Day Of Days Meaning
(Christianity, sometimes capitalized) Sunday, especially Easter Sunday.
Example: 1850, Edgar Allan Poe, "Morella":
"It is a day of days," she said, as I approached; "a day of all days either to live or die. . . . I am dying, yet shall I live."
1907, Jack London, "The Pen: Long Days in a County Penitentiary":
At last came the day of days, my release.
1940 March 11, "Sport: Four Hundred Grand," Time (retrieved 9 July 2015):
It was a day of days for California railbirds. Not only was it the day of the $100,000 Santa Anita Handicap, world's richest horse race, but this was the now-or-never race for doughty old Seabiscuit, darling of U. S. racing fans, Cinderella of the turf.
2012 Sep. 8, George Vecsey, "Tennis: Rain and Rest Days Spell the End of Super Saturday," New York Times (retrieved 9 July 2015):
Super Saturday has been the centerpiece of the United States Open for nearly three decades. But this day of days is heading toward a multimillion-dollar extreme makeover.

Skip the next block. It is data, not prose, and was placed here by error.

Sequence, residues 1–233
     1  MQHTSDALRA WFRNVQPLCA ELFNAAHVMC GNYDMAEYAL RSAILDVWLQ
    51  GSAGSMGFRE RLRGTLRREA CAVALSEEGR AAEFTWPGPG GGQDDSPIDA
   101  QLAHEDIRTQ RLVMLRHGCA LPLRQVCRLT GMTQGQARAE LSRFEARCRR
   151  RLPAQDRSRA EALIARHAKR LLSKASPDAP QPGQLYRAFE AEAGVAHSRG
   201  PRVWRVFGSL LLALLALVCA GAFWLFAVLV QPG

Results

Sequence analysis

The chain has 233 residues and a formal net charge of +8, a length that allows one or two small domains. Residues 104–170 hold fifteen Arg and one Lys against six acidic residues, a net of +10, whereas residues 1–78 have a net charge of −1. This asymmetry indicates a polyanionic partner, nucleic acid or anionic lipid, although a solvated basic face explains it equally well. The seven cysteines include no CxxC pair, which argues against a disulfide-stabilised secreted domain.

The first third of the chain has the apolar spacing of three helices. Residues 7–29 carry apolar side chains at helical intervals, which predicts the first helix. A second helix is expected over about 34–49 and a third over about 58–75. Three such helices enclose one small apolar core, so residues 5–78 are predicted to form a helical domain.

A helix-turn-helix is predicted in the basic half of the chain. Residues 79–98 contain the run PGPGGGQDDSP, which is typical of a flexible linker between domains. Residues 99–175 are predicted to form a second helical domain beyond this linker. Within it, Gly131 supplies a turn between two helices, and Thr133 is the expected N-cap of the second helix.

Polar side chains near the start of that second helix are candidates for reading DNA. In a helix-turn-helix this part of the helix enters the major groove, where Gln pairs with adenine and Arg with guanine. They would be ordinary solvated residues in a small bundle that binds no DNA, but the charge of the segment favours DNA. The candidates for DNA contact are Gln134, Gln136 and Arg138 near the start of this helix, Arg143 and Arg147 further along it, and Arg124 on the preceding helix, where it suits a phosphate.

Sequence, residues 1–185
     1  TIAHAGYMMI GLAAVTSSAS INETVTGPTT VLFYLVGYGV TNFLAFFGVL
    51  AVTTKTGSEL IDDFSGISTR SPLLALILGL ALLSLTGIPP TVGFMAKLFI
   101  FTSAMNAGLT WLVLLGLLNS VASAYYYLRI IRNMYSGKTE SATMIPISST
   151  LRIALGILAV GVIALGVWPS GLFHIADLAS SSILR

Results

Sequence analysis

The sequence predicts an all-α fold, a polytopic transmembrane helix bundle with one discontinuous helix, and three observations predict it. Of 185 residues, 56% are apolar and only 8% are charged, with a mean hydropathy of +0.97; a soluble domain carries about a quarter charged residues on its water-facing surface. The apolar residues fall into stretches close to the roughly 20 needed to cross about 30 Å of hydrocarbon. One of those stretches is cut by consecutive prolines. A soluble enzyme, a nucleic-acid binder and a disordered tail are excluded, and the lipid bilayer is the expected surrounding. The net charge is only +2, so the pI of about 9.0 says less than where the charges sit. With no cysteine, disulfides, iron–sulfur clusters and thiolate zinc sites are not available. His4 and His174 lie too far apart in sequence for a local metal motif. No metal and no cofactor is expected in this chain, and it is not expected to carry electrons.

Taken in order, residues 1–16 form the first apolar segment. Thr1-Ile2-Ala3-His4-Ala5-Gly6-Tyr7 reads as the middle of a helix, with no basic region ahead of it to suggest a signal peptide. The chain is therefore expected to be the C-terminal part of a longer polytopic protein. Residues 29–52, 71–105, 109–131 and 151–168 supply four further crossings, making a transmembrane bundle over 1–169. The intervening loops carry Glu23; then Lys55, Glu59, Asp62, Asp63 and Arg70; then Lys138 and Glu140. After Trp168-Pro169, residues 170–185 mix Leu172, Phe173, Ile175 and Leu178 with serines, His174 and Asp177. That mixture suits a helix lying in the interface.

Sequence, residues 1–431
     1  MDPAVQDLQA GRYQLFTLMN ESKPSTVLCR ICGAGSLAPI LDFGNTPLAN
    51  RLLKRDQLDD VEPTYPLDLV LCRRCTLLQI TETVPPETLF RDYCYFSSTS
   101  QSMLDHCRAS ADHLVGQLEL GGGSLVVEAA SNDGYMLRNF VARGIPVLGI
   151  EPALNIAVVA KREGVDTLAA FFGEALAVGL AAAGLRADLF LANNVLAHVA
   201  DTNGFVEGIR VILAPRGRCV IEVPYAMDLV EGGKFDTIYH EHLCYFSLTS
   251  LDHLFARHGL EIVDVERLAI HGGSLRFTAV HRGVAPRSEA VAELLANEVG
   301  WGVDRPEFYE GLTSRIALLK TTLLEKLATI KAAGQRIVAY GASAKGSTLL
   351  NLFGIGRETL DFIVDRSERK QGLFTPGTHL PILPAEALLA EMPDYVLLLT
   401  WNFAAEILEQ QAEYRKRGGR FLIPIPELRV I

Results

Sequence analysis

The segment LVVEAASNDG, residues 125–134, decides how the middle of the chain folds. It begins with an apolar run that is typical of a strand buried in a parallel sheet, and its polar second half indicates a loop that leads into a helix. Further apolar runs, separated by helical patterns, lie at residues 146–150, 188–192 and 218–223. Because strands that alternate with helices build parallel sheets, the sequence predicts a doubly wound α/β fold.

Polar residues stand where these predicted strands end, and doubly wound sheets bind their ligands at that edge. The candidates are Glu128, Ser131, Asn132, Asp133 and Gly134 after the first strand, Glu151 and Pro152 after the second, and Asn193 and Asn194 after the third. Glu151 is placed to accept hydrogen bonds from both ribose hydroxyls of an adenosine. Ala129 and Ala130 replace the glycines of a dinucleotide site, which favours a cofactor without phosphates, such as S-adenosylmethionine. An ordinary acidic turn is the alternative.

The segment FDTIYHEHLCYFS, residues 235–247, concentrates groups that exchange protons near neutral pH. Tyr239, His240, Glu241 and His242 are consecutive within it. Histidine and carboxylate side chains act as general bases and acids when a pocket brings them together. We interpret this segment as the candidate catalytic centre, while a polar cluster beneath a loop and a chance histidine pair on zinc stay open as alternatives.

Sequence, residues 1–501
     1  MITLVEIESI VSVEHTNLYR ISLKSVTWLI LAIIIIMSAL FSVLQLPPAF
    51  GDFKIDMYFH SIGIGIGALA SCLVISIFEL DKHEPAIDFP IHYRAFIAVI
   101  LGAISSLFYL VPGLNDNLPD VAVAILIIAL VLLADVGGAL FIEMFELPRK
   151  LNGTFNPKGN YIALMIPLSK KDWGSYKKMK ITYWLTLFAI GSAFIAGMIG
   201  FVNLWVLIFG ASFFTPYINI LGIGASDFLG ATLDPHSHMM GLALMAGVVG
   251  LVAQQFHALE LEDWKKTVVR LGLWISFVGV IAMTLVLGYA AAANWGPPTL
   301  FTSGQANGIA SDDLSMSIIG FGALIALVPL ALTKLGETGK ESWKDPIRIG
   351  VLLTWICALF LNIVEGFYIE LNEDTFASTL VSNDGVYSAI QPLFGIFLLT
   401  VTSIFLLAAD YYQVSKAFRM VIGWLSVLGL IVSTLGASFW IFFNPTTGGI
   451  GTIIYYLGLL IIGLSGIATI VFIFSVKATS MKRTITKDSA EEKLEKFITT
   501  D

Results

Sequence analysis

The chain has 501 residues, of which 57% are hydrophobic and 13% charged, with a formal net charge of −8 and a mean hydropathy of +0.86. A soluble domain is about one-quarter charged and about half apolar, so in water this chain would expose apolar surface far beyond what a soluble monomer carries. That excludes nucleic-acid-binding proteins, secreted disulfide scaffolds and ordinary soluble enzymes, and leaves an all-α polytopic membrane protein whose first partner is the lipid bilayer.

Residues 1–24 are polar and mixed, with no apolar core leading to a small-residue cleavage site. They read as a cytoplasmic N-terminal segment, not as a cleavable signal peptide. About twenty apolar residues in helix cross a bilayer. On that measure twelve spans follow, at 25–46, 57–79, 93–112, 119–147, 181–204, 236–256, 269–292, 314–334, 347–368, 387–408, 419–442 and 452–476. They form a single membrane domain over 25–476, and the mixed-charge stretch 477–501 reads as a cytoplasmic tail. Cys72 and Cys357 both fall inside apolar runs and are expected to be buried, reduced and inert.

1863 June 7, "To the Editor: Sunday Railway Excursions," New York Times (retrieved 9 July 2015):
The residents skirting the line of the Harlem Railroad as far as Croton Falls, were not a little annoyed, last Sunday, by numerous cheap excursion trains. . . . [W]e doubt whether the law gave being to a great corporation for the purpose of tempting men from their homes on the Day of days.
2009, Charles G. Fuller, Give Him Time, ISBN 9781615070817, p. 107 (Google preview):
To be sure, Christians celebrate the Resurrection of Christ every Sunday, but there is a special place for the celebration we call Easter. It should be approached as the Day of Days.